Although Auken is genuinely concerned about the people ‘who do not to live in our city’, ‘those we lost on the way’, who have perhaps ‘formed little self-supplying communities’, or ‘stayed in the empty and abandoned houses in small 19th century villages’, and although, she writes, ‘once in a while I get annoyed about the fact that I have no real privacy’, since ‘somewhere, everything I do, think and dream of [sic!] is recorded’—despite these small complications, life will be ‘much better’, because we will have defeated ‘all these terrible things happening: lifestyle diseases, climate change, the refugee crisis, environmental degradation, completely congested cities, water pollution, air pollution, social unrest and unemployment.’

It takes only a small effort of the imagination to see how this utopian fairy-tale is actually a dystopian nightmare, for the simple reason that if we no longer possess anything, it is because, after “disciplining” the poor and stripping the middle classes of all access to livelihood, the world elite will truly own everything. Already now, in a time of pandemic restructuring, the big neoliberal financial institutions (IMF, World Bank, etc.) are “helping” poor countries on the verge of default by dint of “generous loans”, while also supporting the strictest lockdowns.[iv] As Daniel Guérin wrote in 1936: ‘When the economic crisis becomes acute, when the rate of profit sinks toward zero, the bourgeoisie can see only one way to restore its profits: it empties the pockets of the people down to the last centime.’[v] Guérin’s final massage, like Horkheimer’s, was clear: ‘any anti-fascism is a frail illusion if it confines itself to defensive measures and does not aim at smashing capitalism itself.’[vi] How can we fail to see that at the heart of today’s ‘creative destruction’ (Schumpeter) there is none other than a new “fascism of big capital”, to paraphrase the title of Guérin’s book? The goal of the pandemic psychodrama imposed on us is the devastation of what remains of the real economy, aimed at the stipulation of a new Leviathanic social contract (the Great Reset) in which our own survival will depend on the “charitable” intervention of supranational monetary institutions.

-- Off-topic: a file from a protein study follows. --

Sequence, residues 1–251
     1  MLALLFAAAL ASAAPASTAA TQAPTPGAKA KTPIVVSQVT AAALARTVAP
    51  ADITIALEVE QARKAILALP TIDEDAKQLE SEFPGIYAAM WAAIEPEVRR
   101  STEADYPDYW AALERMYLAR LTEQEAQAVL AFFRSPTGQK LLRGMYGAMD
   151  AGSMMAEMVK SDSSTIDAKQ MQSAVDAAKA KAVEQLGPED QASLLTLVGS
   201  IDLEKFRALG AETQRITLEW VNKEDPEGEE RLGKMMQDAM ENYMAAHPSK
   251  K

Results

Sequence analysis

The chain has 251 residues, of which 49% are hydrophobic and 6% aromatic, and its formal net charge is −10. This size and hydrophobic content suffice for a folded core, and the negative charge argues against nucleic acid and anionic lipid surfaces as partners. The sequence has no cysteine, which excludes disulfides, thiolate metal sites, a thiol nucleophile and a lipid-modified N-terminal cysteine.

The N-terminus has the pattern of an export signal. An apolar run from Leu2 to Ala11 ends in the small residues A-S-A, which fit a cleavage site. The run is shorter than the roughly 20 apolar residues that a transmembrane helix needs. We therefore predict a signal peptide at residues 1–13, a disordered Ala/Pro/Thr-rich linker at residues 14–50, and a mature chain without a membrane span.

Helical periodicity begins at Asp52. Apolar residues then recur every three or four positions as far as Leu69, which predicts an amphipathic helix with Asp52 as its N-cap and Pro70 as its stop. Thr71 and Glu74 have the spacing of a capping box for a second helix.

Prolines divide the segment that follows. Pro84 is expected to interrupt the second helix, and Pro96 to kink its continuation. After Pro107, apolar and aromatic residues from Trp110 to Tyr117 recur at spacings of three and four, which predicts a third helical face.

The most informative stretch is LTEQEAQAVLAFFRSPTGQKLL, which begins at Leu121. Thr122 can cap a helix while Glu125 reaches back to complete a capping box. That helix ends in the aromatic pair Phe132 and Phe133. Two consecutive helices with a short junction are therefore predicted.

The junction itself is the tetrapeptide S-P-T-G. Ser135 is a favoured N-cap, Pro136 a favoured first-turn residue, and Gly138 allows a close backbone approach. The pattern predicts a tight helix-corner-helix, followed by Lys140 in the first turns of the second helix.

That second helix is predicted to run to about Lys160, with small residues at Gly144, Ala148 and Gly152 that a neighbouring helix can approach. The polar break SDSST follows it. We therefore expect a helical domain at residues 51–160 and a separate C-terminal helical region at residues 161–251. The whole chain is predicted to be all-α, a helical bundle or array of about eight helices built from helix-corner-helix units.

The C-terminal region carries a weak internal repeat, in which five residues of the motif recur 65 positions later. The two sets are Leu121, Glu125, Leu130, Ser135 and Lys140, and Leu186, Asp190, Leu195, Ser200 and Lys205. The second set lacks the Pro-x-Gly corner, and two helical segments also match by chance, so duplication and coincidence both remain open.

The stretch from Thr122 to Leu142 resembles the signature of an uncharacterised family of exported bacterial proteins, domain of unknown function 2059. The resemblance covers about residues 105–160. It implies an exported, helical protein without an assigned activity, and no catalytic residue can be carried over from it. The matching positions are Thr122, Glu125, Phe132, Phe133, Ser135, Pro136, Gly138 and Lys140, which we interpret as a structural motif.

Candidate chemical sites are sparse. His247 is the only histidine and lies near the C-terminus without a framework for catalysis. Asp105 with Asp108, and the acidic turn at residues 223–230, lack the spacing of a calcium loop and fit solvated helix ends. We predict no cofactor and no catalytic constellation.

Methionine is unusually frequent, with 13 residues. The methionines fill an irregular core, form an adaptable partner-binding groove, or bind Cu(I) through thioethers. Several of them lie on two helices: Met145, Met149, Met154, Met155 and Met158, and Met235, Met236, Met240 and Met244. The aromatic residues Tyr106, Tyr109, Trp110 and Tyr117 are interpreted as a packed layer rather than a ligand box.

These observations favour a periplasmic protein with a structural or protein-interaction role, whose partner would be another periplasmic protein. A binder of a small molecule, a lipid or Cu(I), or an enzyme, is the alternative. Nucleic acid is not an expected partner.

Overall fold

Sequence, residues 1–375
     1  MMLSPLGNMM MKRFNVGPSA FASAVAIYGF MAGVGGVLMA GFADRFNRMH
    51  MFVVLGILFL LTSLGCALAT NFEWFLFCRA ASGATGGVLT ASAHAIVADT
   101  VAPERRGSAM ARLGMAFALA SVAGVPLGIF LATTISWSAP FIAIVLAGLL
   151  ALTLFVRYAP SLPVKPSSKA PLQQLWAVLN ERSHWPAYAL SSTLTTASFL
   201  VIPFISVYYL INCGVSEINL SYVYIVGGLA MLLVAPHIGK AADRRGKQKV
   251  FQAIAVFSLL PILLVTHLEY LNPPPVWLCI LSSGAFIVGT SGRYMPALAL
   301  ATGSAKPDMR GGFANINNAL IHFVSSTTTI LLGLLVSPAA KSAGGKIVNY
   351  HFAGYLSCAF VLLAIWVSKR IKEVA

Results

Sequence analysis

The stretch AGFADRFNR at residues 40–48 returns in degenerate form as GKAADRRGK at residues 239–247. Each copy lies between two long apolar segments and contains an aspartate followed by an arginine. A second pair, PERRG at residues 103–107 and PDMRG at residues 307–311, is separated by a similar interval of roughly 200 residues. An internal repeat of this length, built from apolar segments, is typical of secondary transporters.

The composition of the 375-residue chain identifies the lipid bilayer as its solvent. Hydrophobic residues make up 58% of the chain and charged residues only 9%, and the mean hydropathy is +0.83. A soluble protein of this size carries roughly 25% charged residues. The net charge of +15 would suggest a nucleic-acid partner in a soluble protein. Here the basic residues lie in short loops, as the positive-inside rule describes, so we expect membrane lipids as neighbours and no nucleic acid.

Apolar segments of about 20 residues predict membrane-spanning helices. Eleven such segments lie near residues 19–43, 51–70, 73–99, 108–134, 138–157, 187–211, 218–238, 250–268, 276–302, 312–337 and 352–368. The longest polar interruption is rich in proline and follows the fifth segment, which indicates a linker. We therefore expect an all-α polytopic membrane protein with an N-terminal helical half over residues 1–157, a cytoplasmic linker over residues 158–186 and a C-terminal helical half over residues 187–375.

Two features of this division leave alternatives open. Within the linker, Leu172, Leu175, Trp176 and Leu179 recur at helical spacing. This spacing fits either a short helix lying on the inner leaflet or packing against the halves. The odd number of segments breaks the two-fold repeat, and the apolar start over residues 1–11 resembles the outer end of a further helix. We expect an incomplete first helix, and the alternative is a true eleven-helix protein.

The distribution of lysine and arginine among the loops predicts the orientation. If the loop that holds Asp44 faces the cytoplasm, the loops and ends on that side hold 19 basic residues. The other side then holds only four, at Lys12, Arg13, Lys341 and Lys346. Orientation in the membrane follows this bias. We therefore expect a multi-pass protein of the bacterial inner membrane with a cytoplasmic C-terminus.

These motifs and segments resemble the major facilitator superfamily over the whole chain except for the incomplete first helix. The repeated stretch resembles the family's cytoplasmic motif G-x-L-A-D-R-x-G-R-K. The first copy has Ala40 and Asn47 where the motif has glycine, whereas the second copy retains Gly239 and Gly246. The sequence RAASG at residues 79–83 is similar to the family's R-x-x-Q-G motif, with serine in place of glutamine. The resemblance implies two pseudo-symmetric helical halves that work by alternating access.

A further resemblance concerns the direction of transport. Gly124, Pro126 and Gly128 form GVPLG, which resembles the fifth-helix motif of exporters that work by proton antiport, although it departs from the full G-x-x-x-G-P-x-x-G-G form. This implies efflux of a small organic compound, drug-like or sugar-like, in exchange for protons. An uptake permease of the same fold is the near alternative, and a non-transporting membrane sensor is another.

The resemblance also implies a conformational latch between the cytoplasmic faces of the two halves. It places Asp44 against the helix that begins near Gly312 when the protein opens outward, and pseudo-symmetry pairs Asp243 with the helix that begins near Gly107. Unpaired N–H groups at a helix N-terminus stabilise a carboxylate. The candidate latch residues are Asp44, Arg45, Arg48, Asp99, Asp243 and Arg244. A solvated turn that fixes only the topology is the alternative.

The “new normal” is the reshaping of humanity so that it accepts Capitalism 4.0, based on the fourth industrial revolution. Global governance in the field of bio-security is today the most evident expression of this despotism, which finds its perfect economic expression in the so-called “stakeholder capitalism”: while gobbling up huge stock market profits, managers and shareholders of large multinationals also control a powerful political and media-friendly front driven by philanthropic sensitivity. This is the greatest paradox of our time: the 0.1% – the winners of globalization, the most predatory class in the history of humankind (from Bill Gates to Warren Buffett, Bill Clinton, Mark Zuckerberg, George Soros, etc.) – are also socially committed to supporting noble causes such as health and the fight against world hunger. Thanks to their donations, these philanthropic prophets of Franciscan capitalism exercise an increasingly despotic influence on governments and their fragile institutions. The interlacing of money, power and lobbying alliances deprives politics of the last crumbs of potential autonomy, to the point that democracies all over the planet now welcome our philanthropic predators with open arms, without even asking questions. Moral blackmail works, which also means that capitalist implosion is not necessarily explosive: it does not automatically produce revolutionary contradictions, as many Marxists believe. Rather, in its current phase the implosion of capitalism generates once again its own fascistic deterrence. To focus our energy on fighting anything else is, perhaps, the most dangerous mistake.



[i] Domenico Losurdo, Liberalism: a Counter-History (London and New York: Verso, 2011).

[ii] Max Horkheimer, ‘The Jews and Europe’, in E. Bronner and D. Kellner (eds.), Critical Theory and Society. A Reader (London and New York: Routledge, 1989), pp. 77-94 (78).

[iii] The title on the WEF website has been recently changed.

[iv] See the second chapter of the ‘World Economic Ourlook’, published by the IMF in October 2020:

[v] Daniel Guérin, Fascism and Big Business (New York – London: Pathfinder, 1973), p. 28.

[vi] Ibid, p. 387.